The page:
While the debate of what metal subgenre is the most extreme would be endless and revolve around subjective opinion, I'd make the claim that funeral doom should be one of the main contenders. The defining slow tempo of the style along with distorted vocals and lyrical themes embody the epitome of an anti-mainstream sentiment and therefore make for what one should consider "extreme."
As I pin the term "extreme" on the funeral doom subgenre and thus Frowning as well, I find it important to also note that just because this music is nonconventional in nature, such a statement does not infer it lacks intelligence or nuance. In fact, I would say this very album, Extinct, is a perfect specimen of how funeral doom can be presented intellectually.
Taking a step back for the sake of context, Funeral Impressions, the debut Frowning record came out in 2014 as this follow-up continues the theme of lengthy and heavy dirges to delightful excess. It is also further captivating after understanding that this musical project is driven solo by the multi-instrumentalist and vocalist mastermind Val Atra Niteris. There are very few cases where metal acts are simply handled and executed by a single person and the majority of such fall into the black metal category. While I have my doubts that Frowning is the first doom one-man band, it is an impressive feat regardless.
The first piece, "Nocturnal Void," is excelled by the addition of guest vocals from Suffer Yourself's Stanislav Govorukha. Additionally, there is another vocal appearance by Hekjal from Ad Cinerem on "Encumbered by Vermin." Although the two previously mentioned songs contain quite compelling vocal deliveries, Val proves his throaty abilities on "Veiled in Fog," which are powerful enough to awaken the dead.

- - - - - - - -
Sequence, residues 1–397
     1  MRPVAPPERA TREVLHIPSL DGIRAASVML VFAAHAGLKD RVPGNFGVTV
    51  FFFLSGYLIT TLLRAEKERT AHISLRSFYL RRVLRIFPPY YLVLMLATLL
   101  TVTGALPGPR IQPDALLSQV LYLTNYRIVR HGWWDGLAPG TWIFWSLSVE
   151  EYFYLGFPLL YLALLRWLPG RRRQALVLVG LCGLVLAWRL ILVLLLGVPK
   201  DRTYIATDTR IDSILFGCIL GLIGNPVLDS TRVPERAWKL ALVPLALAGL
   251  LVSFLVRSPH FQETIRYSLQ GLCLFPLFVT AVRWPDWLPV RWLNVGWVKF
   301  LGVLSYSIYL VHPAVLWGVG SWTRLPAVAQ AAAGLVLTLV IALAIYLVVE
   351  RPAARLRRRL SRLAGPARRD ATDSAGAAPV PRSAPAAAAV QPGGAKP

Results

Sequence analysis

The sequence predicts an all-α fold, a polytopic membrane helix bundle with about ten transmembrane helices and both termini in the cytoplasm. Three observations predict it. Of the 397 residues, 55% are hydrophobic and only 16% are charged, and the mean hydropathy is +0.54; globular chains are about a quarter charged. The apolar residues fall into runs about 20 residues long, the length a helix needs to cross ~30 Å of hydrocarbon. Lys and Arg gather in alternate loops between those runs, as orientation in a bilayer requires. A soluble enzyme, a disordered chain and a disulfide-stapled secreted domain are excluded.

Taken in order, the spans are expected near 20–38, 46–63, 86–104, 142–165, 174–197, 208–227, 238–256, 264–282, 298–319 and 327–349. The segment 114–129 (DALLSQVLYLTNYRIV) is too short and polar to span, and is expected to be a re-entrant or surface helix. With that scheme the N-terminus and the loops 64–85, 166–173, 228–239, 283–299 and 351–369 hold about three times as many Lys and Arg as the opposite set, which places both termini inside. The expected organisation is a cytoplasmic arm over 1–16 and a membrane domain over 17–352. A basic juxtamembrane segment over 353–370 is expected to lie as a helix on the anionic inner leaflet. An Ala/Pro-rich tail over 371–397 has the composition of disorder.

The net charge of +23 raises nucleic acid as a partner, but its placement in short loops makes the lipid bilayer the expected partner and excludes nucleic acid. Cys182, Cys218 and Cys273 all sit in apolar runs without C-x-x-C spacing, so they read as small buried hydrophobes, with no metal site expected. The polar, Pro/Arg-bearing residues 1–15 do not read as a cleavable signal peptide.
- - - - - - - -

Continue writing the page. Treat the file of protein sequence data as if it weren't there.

By this time in the record, I would assume the listener's mood and attention span has acclimated to ready themselves for a twenty minute long track. After an organ and choral intro, "Buried Deep" digs into the worm-infested soil of this subgenre and uncovers dissonant chord progressions followed by ambient interludes interspersed. Finally, their genius cover of Frédéric Chopin's "The Funeral March" concludes the LP. After some searches, I found the death metal group Sephiroth also covered the piece back in the 90's. While funeral doom is cold in nature, this rendition of the march felt triumphant. The extra layering of what I believe to be string and horn instrumentation reminded me of the evocative relationship between down-tuned guitars and wind instruments in Sunn O)))'s "Alice." Although, I must really advocate for one to consume this record from start to finish, this closing track is the personal highlight that I would suggest for anyone curious.
Perhaps, it's blatant, but just to be clear, this isn't the record to press play on right after a cup of coffee. Extinct requires patience and open-mindedness. If one is in the right state of mind, this style of metal can come across as meditative and cathartic. This calming notion brings me to my conclusion in regards to this record, where I truly believe that Extinct is proof that funeral doom has the capacity to be extreme, yet also emotionally moving and intelligent.